Mind Matters — Creative Visualization, Forty Years Later

Why not re-examine the new edition of the forty-year-old book, Creative Visualization: Use the Power of Your Imagination to Create What You Want in Your Life, while the country, for many of us, seems to be in a constitutional crisis?

After all, the author, Shakti Gawain, notes “This is a time of great transformation on our planet. We all have a part to play, just be being willing to be our true, magnificent selves.”

Often, creative visualization and using positive affirmations to “manifest” abundance in our lives can seem selfish and self-centered. However, Gawain’s theme is that improving our personal lives is not about being self-absorbed but instead is about extending our own good fortune beyond ourselves “to make a positive contribution to the world and to our fellow beings …”

In fact, reading Creative Visualization and doing the easy exercises mapped out in the book can be an antidote to the feelings of helplessness and powerlessness many people express when confronted with the news.

According to Gawain, when we ae cut off from our “spiritual essence,” we lose connection with our deepest self and thus lose a sense of efficacy, power, and responsibility for our lives. Creative visualization is meant to reconnect us with our highest good, and is not to be used in nefarious ways. Also, “visualization,” in this context, does not mean one has to “see” a mental image. Visualization can be thoughts or a felt sense—whatever ways our imagination works is what is right for us.

Simply put, “creative visualization is a means of unblocking or dissolving barriers we ourselves have created to the naturally harmonious, abundant, and loving flow of the universe.” Gawain considers that much visualization only works when we use it in service of our own highest good as well as for the “highest good of all beings.”

Avarice, greed, consumption, and “extravagant consumerism” is not the goal of creative visualization. Grabbing the biggest piece of the “pie” and leaving none for others is not at all the desired outcome. Gawain urges us to develop a life style that is simple and more in tune with nature. She says, “… after our basic needs are met, the experience of abundance has more to do with expressing our gifts in satisfying ways, and learning to give and receive in a balanced way …”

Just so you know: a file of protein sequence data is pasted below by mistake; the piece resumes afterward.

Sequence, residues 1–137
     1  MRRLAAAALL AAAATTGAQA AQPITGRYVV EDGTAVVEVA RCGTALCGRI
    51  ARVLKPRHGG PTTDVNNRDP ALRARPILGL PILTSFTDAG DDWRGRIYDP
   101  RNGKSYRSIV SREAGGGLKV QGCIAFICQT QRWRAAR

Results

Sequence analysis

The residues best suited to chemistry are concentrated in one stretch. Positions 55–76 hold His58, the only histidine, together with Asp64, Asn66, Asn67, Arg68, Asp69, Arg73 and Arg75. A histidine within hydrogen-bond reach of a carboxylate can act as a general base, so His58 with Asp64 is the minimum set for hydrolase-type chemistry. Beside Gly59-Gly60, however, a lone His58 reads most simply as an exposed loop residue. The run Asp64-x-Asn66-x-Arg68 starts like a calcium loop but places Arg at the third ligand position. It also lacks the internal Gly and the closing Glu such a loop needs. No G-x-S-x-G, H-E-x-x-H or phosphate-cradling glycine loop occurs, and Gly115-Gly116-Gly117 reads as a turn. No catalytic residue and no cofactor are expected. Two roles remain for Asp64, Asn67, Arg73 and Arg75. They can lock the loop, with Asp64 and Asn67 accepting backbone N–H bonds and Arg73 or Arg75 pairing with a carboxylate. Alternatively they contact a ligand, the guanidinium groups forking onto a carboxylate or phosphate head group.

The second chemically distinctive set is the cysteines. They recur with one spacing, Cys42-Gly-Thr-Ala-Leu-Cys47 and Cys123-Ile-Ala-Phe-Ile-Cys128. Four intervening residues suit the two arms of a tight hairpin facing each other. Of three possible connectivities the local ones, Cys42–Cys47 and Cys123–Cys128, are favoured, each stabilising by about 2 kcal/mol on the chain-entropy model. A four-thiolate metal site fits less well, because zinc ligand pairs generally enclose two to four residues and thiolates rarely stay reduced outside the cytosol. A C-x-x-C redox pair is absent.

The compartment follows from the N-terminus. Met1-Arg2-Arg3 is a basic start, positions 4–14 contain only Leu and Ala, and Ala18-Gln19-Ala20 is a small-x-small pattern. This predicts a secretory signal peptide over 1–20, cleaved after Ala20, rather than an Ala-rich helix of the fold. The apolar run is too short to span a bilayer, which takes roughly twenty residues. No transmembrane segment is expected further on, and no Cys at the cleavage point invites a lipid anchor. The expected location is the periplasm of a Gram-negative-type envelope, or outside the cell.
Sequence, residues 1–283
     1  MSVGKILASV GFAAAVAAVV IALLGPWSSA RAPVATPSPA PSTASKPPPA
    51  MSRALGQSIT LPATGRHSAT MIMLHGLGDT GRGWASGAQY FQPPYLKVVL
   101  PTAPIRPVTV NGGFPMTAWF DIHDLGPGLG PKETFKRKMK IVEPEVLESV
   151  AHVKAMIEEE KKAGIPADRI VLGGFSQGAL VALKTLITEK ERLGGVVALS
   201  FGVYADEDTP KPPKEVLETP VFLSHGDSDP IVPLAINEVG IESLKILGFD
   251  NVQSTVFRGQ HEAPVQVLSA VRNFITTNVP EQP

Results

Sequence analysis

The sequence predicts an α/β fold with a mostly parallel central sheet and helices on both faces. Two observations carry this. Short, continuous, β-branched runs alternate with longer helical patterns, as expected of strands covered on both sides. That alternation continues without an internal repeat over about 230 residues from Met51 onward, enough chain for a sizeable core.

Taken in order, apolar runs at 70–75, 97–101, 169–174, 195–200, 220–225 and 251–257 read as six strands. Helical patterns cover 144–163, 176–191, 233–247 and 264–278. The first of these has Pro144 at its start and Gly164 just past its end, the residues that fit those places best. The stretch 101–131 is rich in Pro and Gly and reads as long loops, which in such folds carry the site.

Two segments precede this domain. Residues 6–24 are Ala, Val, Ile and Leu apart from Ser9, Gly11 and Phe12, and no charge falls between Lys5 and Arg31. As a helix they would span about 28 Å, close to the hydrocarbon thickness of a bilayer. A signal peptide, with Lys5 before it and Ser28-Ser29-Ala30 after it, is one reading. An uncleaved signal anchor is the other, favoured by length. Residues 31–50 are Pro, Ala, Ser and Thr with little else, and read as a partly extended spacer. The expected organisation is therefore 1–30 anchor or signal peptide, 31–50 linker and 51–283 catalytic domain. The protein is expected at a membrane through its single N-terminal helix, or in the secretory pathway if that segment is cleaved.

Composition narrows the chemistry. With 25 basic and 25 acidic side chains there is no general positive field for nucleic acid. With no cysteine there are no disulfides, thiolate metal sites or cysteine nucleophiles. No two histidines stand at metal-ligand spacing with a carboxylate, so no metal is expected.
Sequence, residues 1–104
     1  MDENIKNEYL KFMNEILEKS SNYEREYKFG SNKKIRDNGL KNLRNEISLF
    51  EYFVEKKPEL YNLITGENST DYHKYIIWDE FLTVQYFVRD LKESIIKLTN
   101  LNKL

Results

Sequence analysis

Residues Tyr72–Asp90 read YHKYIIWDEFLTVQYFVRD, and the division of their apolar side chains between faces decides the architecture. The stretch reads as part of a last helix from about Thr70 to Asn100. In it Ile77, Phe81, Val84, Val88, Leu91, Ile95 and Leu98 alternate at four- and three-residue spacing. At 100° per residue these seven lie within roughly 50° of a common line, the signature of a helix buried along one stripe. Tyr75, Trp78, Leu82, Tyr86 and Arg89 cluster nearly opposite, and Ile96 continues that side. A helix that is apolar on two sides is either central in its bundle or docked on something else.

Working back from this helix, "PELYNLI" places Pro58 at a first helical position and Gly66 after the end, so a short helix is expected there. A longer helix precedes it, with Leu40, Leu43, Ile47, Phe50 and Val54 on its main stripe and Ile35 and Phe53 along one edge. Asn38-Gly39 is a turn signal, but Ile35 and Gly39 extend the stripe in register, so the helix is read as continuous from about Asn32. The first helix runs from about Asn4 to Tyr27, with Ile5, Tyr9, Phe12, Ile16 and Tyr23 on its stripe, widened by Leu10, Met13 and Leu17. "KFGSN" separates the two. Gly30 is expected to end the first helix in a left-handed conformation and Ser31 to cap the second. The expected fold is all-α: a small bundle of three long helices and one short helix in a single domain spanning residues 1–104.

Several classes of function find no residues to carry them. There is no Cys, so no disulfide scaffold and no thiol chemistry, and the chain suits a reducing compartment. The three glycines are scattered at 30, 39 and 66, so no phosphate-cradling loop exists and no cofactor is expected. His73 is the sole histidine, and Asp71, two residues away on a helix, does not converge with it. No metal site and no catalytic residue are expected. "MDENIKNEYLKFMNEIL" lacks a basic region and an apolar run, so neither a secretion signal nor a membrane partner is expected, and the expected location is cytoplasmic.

A study on the happiest countries in the world was published recently. No, the U.S. was not at the top of the list—Norway was. And why? Partly because the distribution of wealth is such that there are no glaring disparities of “haves” and “have nots.” Everyone has what they need and there is income equality, rather than inequality as here. There is also universal health care, maternity leave, and free education through college.

The Norwegians accomplished their vision of life in balance for all long before Gawain’s book. However, their accomplishment is a model of how abundance for everyone can be achieved when visualization becomes action. In building a house, we start with a dream that becomes a vision and then a blueprint. It is this visualization that carries us forward in to the actual building of the dream. We must imagine what abundance we want in our lives in order to actualize it. Gawain invites us to also visualize the world situation and environment we would like to see too.

You may say, “What pipe dreams!” But consider how far the world has come despite how far it has yet to go. It is the vision of great men and women before us who raised consciousness and created change, whether it was about slavery, violence, or the environment. Think Harriet Tubman or Rachel Carson. Think Martin Luther King or Gandhi. Their vision changed the world. Our vision can too.